I recently shared a video with some students of the incredibly talented Kanneh-Mason siblings (all alumni of Chineke! Junior Orchestra) playing ‘Aquarium’ from Carnival of the Animals with other musicians. The video is so inspiring because it allows BME children to see themselves in the classical music sphere which is so dominated by white (and male) musicians. The performance itself is also very relaxed with Sheku wearing a football top and all the musicians getting lost in the music and sharing smiles.
Increasing representation in music shouldn’t stop at the classical music genre either. It is also important to challenge representation in other music genres that have been largely perceived as white: for example, country or folk music and its origins which are such a core element of identity for so many cultures and traditions.
This focus better enables children to connect to their culture and identity. For example, I’ve had several of my students share their personal stories and connections when we explored a unit on Bossa nova music (originating from South America). We cannot underestimate the importance of belonging and visibility.
Exposure to Different Cultures: Connecting with Languages and Cultures
Singing is a wonderful way to connect people and bring communities together and, consequently, representation in the songs shared in schools is so important for children.
Sharing songs should be underpinned by context and cultural understanding.
Languages are a central part of our identity, and it means that children can be the teacher themselves by helping with correct pronunciation of words and sharing personal insights. There are several resources online and in books that share a range of songs and their context.
“We should equally be discussing the significance of instruments, where they originate from, how they are made and how to play them”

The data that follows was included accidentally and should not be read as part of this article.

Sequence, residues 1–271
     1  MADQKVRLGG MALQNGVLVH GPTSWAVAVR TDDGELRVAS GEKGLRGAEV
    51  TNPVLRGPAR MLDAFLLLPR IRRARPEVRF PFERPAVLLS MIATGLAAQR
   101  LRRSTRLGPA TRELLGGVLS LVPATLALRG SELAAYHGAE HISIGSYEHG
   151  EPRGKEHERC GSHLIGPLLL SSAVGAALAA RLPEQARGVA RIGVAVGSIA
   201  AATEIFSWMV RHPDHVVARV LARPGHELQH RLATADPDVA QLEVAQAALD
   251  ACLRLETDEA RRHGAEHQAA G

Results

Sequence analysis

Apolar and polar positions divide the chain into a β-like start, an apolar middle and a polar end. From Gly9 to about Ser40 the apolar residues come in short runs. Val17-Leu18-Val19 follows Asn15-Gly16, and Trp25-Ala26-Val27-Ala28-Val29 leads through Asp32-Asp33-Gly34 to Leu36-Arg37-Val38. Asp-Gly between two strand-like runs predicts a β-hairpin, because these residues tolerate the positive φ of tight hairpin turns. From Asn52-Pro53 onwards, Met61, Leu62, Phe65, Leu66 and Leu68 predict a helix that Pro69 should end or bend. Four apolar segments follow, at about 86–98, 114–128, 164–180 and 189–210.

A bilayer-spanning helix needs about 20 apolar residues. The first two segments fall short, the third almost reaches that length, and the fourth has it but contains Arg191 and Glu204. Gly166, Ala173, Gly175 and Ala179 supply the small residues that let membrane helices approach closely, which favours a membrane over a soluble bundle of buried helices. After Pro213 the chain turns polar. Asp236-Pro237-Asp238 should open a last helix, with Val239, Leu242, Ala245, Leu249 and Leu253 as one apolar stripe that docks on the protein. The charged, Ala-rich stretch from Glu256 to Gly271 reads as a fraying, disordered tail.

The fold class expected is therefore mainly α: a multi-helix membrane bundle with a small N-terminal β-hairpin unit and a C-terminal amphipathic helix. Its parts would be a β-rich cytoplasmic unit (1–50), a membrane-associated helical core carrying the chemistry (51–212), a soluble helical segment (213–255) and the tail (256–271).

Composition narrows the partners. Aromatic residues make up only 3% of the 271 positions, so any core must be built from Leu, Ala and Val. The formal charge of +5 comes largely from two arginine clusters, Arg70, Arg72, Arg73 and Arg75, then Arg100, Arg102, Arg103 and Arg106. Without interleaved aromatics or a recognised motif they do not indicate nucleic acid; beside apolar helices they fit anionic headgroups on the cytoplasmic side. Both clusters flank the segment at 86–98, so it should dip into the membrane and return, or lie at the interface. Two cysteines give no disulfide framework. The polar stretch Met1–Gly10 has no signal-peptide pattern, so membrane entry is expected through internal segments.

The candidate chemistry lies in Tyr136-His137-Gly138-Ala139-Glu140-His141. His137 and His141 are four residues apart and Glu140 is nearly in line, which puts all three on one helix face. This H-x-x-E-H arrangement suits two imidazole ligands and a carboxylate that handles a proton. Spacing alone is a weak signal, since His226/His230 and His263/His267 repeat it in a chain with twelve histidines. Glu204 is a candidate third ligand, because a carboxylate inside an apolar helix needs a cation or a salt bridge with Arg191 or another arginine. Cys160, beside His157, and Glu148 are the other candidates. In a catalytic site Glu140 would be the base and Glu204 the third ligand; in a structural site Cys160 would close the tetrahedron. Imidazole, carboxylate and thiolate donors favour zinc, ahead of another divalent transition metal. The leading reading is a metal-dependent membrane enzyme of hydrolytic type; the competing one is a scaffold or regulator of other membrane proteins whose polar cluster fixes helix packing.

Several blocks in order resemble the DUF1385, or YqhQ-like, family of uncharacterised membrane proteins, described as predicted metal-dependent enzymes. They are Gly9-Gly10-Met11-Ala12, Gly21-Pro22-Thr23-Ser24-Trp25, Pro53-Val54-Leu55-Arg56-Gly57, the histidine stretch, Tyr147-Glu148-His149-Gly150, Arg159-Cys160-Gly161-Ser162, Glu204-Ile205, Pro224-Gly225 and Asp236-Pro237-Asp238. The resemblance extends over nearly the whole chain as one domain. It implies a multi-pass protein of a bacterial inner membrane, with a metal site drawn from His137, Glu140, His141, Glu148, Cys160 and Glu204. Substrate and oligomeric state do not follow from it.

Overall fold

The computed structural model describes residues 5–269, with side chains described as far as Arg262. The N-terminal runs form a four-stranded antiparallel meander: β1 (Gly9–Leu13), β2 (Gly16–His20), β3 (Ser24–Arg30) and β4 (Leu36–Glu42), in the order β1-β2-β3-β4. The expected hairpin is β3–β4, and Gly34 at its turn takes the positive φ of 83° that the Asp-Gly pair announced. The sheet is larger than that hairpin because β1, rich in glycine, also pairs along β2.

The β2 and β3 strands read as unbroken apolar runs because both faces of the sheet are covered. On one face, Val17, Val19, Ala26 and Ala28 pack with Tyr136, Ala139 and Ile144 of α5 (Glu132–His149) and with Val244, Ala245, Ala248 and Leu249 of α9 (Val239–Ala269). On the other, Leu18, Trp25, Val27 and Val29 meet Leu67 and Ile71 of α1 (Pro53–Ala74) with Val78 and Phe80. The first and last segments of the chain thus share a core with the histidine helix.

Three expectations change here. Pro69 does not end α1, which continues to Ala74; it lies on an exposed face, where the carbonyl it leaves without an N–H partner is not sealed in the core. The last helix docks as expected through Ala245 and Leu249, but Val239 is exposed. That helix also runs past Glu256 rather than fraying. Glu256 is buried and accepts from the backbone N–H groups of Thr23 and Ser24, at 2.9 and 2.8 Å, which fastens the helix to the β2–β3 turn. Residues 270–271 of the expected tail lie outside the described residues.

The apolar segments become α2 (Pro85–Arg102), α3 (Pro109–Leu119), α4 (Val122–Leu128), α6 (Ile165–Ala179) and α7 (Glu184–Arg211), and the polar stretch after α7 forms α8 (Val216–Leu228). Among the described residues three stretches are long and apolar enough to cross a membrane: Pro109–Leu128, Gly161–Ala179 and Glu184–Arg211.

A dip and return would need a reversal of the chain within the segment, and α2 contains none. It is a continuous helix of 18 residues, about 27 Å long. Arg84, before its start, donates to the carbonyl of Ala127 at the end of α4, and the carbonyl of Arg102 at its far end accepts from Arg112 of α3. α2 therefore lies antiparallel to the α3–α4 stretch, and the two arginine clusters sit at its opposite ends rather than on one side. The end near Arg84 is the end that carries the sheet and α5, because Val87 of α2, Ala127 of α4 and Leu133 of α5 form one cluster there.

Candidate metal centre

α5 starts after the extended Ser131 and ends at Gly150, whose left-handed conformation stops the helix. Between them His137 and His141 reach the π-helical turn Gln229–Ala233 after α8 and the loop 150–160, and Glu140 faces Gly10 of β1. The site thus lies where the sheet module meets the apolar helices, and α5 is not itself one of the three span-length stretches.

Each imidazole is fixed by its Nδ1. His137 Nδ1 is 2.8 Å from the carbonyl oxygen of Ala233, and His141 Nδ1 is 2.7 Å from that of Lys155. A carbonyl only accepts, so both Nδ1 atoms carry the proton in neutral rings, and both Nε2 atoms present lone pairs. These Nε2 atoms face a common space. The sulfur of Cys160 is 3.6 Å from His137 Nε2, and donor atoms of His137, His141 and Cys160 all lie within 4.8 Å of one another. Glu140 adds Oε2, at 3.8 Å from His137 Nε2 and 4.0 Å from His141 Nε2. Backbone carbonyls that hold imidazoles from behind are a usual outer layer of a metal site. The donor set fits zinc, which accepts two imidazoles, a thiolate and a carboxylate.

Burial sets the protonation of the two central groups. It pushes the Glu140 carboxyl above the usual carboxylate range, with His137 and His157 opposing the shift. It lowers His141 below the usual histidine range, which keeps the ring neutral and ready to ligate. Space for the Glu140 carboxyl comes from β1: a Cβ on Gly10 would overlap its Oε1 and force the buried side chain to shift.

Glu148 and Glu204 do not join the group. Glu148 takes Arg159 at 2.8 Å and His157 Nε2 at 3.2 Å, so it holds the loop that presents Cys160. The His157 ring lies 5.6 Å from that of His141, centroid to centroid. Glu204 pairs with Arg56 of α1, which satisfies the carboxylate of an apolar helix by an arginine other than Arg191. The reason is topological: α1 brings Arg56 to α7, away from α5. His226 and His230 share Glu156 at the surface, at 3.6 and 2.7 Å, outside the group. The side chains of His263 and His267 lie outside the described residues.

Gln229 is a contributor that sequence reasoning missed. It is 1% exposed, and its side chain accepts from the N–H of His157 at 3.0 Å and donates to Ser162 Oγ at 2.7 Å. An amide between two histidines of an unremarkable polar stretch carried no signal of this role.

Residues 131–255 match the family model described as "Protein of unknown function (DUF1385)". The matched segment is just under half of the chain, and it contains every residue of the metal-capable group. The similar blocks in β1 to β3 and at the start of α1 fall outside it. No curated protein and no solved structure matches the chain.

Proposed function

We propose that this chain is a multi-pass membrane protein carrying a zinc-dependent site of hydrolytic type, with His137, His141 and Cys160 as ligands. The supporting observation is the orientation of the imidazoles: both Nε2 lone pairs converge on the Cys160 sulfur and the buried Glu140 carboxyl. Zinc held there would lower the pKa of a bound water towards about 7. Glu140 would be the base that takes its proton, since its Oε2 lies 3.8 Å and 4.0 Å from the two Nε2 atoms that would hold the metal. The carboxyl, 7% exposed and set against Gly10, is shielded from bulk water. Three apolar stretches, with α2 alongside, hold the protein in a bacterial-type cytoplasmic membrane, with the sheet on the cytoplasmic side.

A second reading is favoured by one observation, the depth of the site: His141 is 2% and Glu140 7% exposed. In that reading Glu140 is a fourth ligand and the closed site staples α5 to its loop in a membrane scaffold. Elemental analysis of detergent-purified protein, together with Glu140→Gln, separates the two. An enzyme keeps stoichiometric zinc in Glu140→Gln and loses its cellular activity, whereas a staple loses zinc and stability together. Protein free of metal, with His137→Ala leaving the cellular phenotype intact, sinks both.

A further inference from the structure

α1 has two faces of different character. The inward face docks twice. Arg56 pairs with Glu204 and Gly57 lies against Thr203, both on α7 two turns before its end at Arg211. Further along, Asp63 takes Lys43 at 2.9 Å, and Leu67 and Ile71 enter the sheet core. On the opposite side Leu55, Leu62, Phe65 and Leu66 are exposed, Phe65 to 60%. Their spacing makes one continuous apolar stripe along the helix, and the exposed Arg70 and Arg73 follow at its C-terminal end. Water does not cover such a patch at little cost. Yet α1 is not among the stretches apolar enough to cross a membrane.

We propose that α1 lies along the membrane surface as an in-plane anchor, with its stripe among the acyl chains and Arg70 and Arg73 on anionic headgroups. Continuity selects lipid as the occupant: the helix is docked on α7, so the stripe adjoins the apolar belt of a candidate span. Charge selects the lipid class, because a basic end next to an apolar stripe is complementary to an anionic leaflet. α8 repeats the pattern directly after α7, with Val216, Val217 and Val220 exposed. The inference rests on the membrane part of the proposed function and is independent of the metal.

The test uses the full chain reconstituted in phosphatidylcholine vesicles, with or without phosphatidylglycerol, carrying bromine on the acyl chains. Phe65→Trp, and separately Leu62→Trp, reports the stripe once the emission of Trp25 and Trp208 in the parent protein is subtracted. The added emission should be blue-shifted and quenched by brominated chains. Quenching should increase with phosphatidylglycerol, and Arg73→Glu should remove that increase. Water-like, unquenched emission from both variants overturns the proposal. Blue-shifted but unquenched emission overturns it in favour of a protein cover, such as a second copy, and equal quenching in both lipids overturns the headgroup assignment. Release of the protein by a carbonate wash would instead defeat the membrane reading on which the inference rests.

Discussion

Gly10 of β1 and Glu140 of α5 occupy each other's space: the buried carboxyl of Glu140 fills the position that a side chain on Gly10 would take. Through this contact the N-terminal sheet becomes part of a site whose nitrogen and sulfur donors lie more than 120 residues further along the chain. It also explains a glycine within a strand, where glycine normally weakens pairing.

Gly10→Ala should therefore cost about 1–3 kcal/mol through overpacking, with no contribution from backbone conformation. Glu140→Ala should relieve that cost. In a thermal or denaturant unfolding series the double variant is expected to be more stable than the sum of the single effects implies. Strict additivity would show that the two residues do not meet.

As well as singing a range of songs with different languages, school children are increasingly being exposed to learning about and playing lots of instruments.
We should equally be discussing the significance of instruments, where they originate from, how they are made and how to play them. In my classroom, I have labelled all the instruments with the name and where they originate from. This will help to build children’s awareness of instrumentation of different musical styles and cultures.
The music industry is changing slowly, and I’ve shared some of the changes already underway.
It’s clear that a child’s experiences and school years are integral in supporting their musical development and exposure to the musical genres and opportunities. We still have a long way to go, and all teachers and practitioners need to be a part of this process.
We need to be always thinking about how we can do better and challenge ourselves with how we present music to students. It is essential that music professionals and organisations evaluate and reflect on their practise and conduct their own research. We need to check that we are showing a wide range of music genres, musicians, and composers to the children that we teach, while giving opportunities to connect with live music and musicians. We must look for ways to always develop our understanding and keep up to date with news and research, and through collaboration and discussion with other practitioners and professionals.
By connecting with others, we can share best practice and challenge each other.
Hopefully, by all thinking about these points regularly, we will begin to shift the landscape more quickly.